It was Jan. 1, 1914, when a 25-year-old test pilot by the name of Tony Jannus flew aircraft designer Thomas Benoist’s wood-and-muslin “Flying Boat No. 43” across Tampa Bay and into aviation history. Though the journey lasted a paltry 23 minutes and had just one paying passenger (Abram Phell, then mayor of St. Petersburg, who paid $400 at auction), the trip would go down in the record books as the world’s first scheduled commercial airline flight.
The St. Petersburg to Tampa Airboat Line was the brainchild of Jacksonville-based electrical engineer Percival Fansler. According to archived reports of that fateful day 100 years ago, Fansler told a crowd of 3,000 gathered in St. Petersburg that the Airboat Line to Tampa would be “a forerunner of great activity.”
“What was impossible yesterday is an accomplishment of today -- while tomorrow heralds the unbelievable,” he said. Fansler’s rickety seaplane was powered by a noisy, six-cylinder, 75-horsepower engine and operated for just four months, but his ambition struck a chord with the public. He and his fellow aviation pioneers had unwittingly kickstarted an industry that today provides a kind of global connectivity that was “unbelievable” a century ago.
To put this achievement in perspective, consider this: On Jan. 1, 1914, one commercial passenger flew on one commercial flight. On Jan. 1, 2014, an estimated 8 million people flew on nearly 100,000 flights.
Statistics from the International Air Transport Association, or IATA, show that some 3.1 billion people flew in 2013, surpassing the 3 billion mark for the first time ever. That figure is expected to grow to 3.3 billion by 2014 and represents about 44 percent of the world’s population.
But it’s not just people who fly. An estimated 50 million tons of cargo are transported each year, representing an annual value of some $6.4 trillion (or 35 percent of the value of goods traded internationally). Meanwhile, the aviation industry supports more than 57 million jobs and generates $2.2 trillion in economic activity. According to IATA, the industry’s direct economic contribution of around $540 billion would, if translated into the GDP ranking of countries, place the industry in 19th position.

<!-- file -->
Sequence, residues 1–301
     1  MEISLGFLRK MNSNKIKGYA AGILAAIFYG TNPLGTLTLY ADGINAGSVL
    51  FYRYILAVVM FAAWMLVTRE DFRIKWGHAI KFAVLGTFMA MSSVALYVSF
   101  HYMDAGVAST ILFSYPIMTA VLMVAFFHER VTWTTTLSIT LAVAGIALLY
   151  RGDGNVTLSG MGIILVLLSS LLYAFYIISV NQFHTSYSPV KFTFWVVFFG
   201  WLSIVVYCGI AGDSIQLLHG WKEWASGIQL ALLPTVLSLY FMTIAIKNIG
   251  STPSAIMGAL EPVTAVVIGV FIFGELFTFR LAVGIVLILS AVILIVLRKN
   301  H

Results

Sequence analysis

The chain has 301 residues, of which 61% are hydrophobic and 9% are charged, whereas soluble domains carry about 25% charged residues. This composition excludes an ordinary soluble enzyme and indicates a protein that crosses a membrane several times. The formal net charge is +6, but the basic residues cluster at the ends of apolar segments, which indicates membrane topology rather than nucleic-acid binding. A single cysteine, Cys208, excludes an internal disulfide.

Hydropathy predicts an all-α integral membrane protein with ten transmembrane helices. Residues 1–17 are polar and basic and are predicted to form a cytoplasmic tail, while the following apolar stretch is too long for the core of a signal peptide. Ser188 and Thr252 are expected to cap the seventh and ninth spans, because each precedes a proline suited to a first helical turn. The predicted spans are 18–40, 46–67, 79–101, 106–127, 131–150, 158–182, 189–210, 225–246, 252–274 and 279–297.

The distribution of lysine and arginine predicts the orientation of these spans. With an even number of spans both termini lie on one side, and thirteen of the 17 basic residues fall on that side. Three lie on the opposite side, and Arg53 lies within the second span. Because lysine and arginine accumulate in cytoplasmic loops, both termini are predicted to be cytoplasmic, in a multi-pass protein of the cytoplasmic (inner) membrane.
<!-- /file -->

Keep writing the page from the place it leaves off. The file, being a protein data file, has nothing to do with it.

“The first flight provided a short-cut across Tampa Bay. Today the aviation industry re-unites loved ones, connects cultures, expands minds, opens markets and fosters development. Aviation provides people around the globe with the freedom to make connections that can change their lives and the world,” Tony Tyler, IATA’s director general and CEO, explained in a statement announcing the new website Flying100Years.com.
IATA, which represents 240 airlines (or 84 percent of the world’s total air traffic), invited the flying public to join in a yearlong celebration of the 100th anniversary of commercial aviation and take part in a conversation about what needs to happen to make the next 100 years even more momentous.
“Aviation is a force for good. And the potential of commercial flight to keep changing the world for the better is almost unlimited,” Tyler said. “Growing and sustainably spreading the benefits of connectivity will require the industry, governments, regulators and local communities keep true to the ‘all-in-it-together’ ethos that was the bedrock of that pioneering first flight. And we should be guided by the long-term interests of all whose lives are positively transformed by commercial aviation every day.”
IATA sponsored a re-enactment of the first commercial passenger flight Wednesday using a Hoffman X-4 “Mullet Skiff” amphibious flying boat, similar in many respects to the original Benoist airboat. The Hoffman took off from St. Petersburg just after 10:00 a.m. EST and retraced the exact path taken by Jannus and Phell a century ago.
Organizers had hoped to fly a reproduction Benoist, but had to switch aircraft at the last minute when aerobatic pilot Kermit Weeks was unable to get the reproduction airborne. Despite the setback, nearly two-dozen of Benoist’s decedents came to St Petersburg to witness the memorial flight by substitute pilot Eddie Hoffman Jr., which was the first in a series of events to honor Florida’s role in aviation history.
“A hundred years is something worth celebrating,” Tyler noted of the event. “And we look forward to creating an equally remarkable legacy for commercial aviation’s second century.”